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On the sets of Slumdog Millionaire
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'Slumdog Millionaire has a life of its own'

When you dial her cell phone, the haunting melody Sakhiya Aaj Mujhe Neend Nahin from Guru Dutt's iconic 1962 film Sahib Biwi Aur Ghulam, directed by Abrar Alvi, wafts in your ears.

"The song comes almost at the opening of the film," says Loveleen Tandan, when she answers the call. "It's a courtesan song, led by Menu Mumtaz, Mehmood's sister. She is performing for the zamindar; they have a host of courtesans in the background, standing in front of windows. The song is shot in such a way the women are all in silhouette; they look like shadows. It was brilliant -- I get goose bumps when I think of that scene."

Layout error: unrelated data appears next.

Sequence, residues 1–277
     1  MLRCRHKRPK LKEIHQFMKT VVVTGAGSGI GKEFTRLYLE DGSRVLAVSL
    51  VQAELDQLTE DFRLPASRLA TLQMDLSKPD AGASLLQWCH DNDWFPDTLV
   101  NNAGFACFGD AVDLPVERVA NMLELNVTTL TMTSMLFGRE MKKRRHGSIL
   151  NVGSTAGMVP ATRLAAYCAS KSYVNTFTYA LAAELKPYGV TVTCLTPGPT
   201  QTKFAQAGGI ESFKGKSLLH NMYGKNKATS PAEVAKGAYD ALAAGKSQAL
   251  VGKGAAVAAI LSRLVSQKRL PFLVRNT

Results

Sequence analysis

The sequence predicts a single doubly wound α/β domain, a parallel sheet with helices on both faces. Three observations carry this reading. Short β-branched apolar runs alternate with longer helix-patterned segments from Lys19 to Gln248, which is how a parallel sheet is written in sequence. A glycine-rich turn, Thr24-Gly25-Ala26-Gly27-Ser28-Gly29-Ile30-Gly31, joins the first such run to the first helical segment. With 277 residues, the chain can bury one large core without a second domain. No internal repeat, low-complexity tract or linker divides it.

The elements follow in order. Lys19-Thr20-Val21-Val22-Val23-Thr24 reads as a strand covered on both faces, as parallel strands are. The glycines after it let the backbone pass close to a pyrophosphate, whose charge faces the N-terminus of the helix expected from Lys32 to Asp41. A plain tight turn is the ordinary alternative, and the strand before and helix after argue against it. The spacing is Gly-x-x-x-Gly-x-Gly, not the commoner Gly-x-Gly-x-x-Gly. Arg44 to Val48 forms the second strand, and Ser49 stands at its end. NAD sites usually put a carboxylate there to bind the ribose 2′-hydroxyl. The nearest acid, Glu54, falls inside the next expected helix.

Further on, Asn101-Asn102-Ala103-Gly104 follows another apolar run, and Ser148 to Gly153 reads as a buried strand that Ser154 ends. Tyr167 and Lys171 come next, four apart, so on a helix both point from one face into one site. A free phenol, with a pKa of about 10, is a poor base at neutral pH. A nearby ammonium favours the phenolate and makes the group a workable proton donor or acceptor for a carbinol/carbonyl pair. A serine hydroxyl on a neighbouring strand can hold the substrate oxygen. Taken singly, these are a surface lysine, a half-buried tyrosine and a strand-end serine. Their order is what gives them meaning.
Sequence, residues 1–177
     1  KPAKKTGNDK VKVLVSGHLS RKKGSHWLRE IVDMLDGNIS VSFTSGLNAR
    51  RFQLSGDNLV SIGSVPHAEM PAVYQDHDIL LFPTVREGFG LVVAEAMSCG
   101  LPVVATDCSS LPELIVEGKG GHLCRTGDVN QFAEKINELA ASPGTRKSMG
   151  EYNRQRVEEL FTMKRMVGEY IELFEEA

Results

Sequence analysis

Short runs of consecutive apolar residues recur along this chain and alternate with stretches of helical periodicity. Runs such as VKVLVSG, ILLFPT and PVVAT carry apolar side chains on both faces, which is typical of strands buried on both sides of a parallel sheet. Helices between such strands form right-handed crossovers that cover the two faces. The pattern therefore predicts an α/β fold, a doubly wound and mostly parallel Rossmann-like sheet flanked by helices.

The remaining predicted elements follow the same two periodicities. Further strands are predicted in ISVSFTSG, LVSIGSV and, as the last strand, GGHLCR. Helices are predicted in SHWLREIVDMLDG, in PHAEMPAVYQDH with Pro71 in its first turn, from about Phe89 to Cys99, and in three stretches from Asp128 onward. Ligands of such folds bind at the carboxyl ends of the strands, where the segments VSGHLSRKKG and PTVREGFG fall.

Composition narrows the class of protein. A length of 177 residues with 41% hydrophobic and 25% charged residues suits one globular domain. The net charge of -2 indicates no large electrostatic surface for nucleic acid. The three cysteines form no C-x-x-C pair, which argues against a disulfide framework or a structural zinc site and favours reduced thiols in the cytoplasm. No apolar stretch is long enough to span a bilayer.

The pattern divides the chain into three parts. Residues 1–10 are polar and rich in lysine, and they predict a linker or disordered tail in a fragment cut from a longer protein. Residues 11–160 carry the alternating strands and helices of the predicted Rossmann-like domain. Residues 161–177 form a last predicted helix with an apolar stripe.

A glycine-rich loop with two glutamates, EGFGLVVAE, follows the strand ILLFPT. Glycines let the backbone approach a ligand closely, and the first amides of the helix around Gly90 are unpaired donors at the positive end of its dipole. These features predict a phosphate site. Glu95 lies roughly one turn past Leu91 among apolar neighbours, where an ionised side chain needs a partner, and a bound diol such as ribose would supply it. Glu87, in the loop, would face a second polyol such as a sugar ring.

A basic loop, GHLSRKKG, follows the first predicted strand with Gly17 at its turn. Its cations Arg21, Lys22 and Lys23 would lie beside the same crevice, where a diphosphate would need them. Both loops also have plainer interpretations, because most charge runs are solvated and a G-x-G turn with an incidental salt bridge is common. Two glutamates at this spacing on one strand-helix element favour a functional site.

Goose bumps is not all she gets -- inspiration is another derivative from her favourite caller tune. Tandan is clear that she will one day, sooner than later, direct feature films. In the interim, every career move is a learning, a step towards that goal.

Some of those steps have been giant-sized, from the time she cast for Mira Nair in Monsoon Wedding, to her latest avatar as casting director on the multiple Golden Globe-winning Slumdog Millionaire.

Casting is part art, part process; get it right and you make a film, get the subtlest nuance wrong, and you can equally break that film. Tandan has mastered the art; additionally, with this film, she took another giant step when she received co-director billing alongside Globe-winning director Danny Boyle.

No one thought Slumdog would walk away with four Globes, Tandan says -- the movie has proved to have a life all its own, going in directions no one anticipated.

In the picture: Loveleen Tandan with Rubiana Ali, who plays young Latika in Slumdog Millionaire

Text: Ronjita Kulkarni

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